Precious Stones

Precious and semi-precious stones have been prized for centuries for their aesthetic qualities and use in jewellery. The market for high quality stones is now quite sophisticated and they can attract higher prices than equivalent sized diamonds.

Precious Stones in Afghanistan

Afghanistan has been blessed with a great variety of precious and semi-precious stones with 73 records of mines, deposits, occurrences and showings. In fact, some of the earliest records of mining anywhere in the world are from Afghanistan, dating back over 6000 years. Most operations today are small-scale, but the potential undoubtedly exists for the development of a significant precious stone mining industry in Afghanistan. Four different stones are described below, but Afghanistan also has occurrences of other stones such as aquamarine, amethyst, and topaz.

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Afghanistan is the world's leading producer of lapis-lazuli from the Sary-Sang mine in Badakhshan province. The deposit is hosted in Archean metamorphic rocks that have been intruded by alaskite granite and basic dykes.  This has led to the formation of north-south skarnified zones in the calciphyre facies of the country rock. Nine zones have been identified thus far containing ten different lazurite grades, the largest being 250 m long and extending for 125 m downdip.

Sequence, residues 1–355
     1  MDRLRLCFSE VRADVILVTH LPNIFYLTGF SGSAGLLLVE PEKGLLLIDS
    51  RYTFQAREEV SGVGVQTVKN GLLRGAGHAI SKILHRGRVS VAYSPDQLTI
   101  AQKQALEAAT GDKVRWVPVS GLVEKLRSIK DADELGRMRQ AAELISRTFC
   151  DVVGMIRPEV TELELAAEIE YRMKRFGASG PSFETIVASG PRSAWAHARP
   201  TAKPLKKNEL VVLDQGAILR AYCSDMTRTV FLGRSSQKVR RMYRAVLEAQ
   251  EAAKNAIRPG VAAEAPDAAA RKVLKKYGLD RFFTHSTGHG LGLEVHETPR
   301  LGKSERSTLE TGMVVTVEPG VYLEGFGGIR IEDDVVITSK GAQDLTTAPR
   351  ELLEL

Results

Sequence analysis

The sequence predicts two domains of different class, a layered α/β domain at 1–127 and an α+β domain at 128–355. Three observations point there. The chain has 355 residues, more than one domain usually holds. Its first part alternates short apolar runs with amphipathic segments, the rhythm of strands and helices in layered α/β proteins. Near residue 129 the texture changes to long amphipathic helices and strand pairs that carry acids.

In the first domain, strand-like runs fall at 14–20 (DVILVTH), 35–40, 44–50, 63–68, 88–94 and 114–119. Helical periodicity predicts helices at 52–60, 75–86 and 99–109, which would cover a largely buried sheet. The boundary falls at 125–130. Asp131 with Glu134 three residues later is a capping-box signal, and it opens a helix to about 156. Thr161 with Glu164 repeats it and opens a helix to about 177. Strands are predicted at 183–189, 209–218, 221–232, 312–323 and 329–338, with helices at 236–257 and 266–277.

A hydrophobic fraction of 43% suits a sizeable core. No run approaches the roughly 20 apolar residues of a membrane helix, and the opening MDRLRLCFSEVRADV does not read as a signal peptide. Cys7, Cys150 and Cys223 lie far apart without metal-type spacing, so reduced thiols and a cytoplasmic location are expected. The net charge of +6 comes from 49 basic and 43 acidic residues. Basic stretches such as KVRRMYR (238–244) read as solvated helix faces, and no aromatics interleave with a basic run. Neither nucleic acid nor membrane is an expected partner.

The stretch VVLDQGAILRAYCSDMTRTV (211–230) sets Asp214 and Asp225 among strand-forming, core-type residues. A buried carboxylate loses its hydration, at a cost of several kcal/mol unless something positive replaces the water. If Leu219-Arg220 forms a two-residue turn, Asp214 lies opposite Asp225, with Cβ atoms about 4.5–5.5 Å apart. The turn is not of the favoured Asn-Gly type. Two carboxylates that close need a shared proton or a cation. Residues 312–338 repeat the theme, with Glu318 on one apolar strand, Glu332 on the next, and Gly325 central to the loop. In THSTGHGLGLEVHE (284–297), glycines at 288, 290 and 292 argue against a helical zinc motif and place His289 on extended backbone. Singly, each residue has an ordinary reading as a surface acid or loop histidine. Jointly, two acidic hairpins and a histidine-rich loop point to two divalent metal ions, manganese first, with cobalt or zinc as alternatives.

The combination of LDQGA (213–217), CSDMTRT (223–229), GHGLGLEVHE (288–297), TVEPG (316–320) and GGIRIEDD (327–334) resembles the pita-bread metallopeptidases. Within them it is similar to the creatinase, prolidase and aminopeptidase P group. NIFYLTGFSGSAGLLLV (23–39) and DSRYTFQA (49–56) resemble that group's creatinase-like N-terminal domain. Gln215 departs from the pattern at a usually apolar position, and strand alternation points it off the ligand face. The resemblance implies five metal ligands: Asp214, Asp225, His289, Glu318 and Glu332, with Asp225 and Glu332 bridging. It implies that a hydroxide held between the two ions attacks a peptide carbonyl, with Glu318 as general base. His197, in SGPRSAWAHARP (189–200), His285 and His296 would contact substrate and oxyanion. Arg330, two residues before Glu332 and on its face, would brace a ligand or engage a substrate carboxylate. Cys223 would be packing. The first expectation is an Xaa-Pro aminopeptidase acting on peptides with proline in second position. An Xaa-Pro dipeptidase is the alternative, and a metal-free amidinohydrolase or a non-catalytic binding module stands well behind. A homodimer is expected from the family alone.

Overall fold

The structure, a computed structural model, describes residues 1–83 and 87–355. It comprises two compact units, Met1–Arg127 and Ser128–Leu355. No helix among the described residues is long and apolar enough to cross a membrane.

Emerald production from the deposits of the Panshjer valley in Kapisa province was estimated at up to $12 M in 1995. Six small mines are known within a 16 x 3 km zone consisting of Ordovician carbonates intruded by diorite-gabbro and quartz porphyry dykes. The mineralisation is confined to stockworks of quartz ankerite and dolomite within the altered units, although the best quality gems are often in veins that cross-cut gabbro and are typically up to 1.5 cm long and 3 mm thick (however larger crystals have been found). Afghan emeralds are said to be similar in quality to those of Colombia.


The Jegdalek ruby prospect in Kabul province occurs in a calcite-dolomite marble bed that has been intruded by an Oligocene granite. A ruby concentrate from the mineralised bed yielded up to 157.3 g/m3. Spinel has also been mined in Badakhshan province, close to the Tadjikistan border. Stones from here are believed to be part of the British crown jewels.


Kunzite and tourmaline crystals are found in pegmatites in the Laghman province and are associated with rare metal enrichment. The most developed deposit is that at Kolum where two irregular albitised-microcline dykes intersect a Cretaceous gabbro. The 'Main' dyke (3 km x 0.5/20 m) contains rounded cavities which contain multicoloured gem quality tourmaline. The smaller 'Kunzite' dyke (150 m x 5 m) also contains rounded cavities that can yield up to 24% gem quality kunzite stones for faceting. Quality crystals can be up to 30 x 7.5 x 1.8 cm in size.

All images reproduced courtesy of
Gary W. Bowersox

. . . some of the earliest records of mining anywhere in the world are from Afghanistan, dating back over 6000 years . . .